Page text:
The last job I worked as a brick mason tender was right on the beach by the blue Pacific. On an empty stretch of sand the Navy was building garages for amphibious landing craft. They would be able to drive the craft straight out of the water, across a little sand and right into their garages.
These garages were big. Almost forty feet high. I was given the job one day of getting all the planks off the scaffolding. Usually I would just throw the 2 by 6 planks–what were they? 12 feet long maybe–onto the ground. But if you threw a plank that heavy from forty feet up you could crack it pretty easily. So instead, you had to walk out to the last layer of planks, bend over, pick up a plank and balance it on the two 2 by 6 that were left for you to walk on. After this naturally, things go more intense because you had to go out, bend over, pick up a plank, and walk back to dry land, on ONE 2 by 6 while balancing a 2 by 6. And this was forty feet up going straight down to the concrete floor of the amphibious craft garage.
I did ok for a bit. I would go out and pick up one and walk back on two. Then I would go to the scaffolding right next to that, pick up one and walk back on two. I did this for a bit and you can see I was avoiding the part that involves walking back on one and yet it was impossible to avoid because I was running out of scaffolding that had three planks (except for the part of the scaffolding where we were stacking the planks to be lowered down by fork lift).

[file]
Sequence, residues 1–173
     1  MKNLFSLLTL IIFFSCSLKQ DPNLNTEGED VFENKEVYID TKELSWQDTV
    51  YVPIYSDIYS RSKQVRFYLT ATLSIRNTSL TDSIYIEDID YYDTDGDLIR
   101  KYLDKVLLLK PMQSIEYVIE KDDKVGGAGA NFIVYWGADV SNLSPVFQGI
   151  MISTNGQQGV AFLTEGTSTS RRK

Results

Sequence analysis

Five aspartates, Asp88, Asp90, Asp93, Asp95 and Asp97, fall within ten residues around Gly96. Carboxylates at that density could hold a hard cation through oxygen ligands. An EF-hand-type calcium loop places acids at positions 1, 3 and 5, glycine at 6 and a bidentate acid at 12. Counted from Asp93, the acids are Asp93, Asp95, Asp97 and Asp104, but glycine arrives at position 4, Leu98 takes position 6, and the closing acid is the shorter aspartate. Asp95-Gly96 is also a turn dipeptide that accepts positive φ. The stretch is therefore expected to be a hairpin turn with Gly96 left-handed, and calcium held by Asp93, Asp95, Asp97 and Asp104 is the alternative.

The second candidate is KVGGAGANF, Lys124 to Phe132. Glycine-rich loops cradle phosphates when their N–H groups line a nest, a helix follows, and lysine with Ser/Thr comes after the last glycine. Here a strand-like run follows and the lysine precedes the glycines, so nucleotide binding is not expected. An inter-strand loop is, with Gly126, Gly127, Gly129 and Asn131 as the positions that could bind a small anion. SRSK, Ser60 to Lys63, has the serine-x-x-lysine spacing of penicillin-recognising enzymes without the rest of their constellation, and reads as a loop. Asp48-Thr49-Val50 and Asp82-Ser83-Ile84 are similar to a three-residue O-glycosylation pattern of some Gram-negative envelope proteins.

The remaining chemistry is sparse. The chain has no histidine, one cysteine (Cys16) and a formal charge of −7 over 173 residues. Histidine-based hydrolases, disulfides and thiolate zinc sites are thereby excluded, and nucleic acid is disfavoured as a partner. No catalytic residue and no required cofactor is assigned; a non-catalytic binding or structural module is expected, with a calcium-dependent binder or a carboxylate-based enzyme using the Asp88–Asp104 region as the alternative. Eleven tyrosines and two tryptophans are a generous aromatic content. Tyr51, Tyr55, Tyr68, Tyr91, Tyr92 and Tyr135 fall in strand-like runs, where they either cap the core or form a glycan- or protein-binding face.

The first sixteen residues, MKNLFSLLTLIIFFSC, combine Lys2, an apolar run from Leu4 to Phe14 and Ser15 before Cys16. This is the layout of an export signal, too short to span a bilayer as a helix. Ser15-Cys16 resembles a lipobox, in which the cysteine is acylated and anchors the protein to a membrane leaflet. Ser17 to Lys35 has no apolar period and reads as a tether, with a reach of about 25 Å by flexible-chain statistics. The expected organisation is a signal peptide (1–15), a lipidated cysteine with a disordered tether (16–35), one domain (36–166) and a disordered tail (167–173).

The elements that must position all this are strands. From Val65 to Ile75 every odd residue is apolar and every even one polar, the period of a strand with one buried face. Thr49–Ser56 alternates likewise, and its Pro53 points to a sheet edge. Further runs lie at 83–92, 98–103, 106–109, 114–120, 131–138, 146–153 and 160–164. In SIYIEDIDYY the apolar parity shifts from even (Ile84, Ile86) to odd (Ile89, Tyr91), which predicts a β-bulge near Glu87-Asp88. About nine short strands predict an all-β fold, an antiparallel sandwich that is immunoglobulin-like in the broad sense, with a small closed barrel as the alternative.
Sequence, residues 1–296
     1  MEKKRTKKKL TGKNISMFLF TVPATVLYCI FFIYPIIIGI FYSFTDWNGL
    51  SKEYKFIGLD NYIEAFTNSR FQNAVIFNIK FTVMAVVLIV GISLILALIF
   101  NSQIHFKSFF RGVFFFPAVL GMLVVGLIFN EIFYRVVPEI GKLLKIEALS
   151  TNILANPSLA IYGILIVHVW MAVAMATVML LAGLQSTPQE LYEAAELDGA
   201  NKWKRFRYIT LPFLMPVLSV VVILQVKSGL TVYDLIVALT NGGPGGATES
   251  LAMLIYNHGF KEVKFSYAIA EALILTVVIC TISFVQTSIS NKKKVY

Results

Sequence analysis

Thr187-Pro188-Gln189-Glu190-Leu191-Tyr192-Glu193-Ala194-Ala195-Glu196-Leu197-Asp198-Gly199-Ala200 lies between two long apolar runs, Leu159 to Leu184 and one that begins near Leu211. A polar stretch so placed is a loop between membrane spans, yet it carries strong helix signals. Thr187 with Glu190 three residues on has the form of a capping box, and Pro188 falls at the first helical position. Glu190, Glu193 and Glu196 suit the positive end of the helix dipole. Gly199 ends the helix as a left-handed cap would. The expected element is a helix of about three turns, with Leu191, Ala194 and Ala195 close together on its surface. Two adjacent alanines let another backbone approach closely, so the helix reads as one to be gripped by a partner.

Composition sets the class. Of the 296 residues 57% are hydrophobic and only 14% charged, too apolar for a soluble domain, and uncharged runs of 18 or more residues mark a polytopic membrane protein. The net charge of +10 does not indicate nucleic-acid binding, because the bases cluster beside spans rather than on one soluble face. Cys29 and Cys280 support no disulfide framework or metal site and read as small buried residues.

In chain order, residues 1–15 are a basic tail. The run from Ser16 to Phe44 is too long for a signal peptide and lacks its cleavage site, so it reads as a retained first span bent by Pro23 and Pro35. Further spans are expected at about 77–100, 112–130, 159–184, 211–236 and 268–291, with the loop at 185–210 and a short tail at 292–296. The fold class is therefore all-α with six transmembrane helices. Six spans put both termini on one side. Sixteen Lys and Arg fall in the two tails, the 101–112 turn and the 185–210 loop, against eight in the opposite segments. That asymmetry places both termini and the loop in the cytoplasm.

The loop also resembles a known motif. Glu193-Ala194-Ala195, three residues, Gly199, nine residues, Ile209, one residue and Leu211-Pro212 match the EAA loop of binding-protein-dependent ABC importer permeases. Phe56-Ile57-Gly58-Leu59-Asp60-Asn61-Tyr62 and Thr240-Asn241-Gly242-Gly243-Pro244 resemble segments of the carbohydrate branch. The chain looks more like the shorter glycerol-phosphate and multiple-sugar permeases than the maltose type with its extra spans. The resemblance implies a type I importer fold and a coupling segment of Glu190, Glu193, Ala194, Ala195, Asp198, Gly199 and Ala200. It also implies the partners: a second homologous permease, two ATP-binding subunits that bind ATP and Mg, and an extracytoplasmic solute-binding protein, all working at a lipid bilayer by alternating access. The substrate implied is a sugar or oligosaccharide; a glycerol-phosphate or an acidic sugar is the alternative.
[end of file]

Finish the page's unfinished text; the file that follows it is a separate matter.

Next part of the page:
Finally I steeled myself and went out to the very end of the scaffolding where there were only two planks, bent over and picked up one, leaving myself with one, which I slowly pivoted across my body to balance it and myself. Whereupon I completely froze—too much aware that I was standing about 40 feet off the concrete on one 2 by 6 while attempting to balance another one across my body.
Fortunately, there was a black guy there who had been picking up planks from the other direction. He saw me and said, “What’s wrong.” I said I couldn’t move. “Drop the plank,” he said. So I did but I still couldn’t move. “Get down and crawl,” he said. So on wobbly legs I got down on my knees and crawled. He gave me a hand up and began to talk about a job he had in Chicago working forty stories up and one guy was pushing a wheelbarrow full to the brim with mud along a two by six and the wheelbarrow started to go and the guy struggled to straighten it and losing his balance tumbled to his death. “Always let go of the wheelbarrow” the black guy said.
He had an interesting grin because he had a gold cap all around one of his front teeth, and a piece of the gold was punched out in the shape of a star, so that the white enamel of what was left of his front tooth filled in the star. I hadn’t seen that before and I haven’t seen it since.
At the end of that week, I got a pink slip. I had been laid off.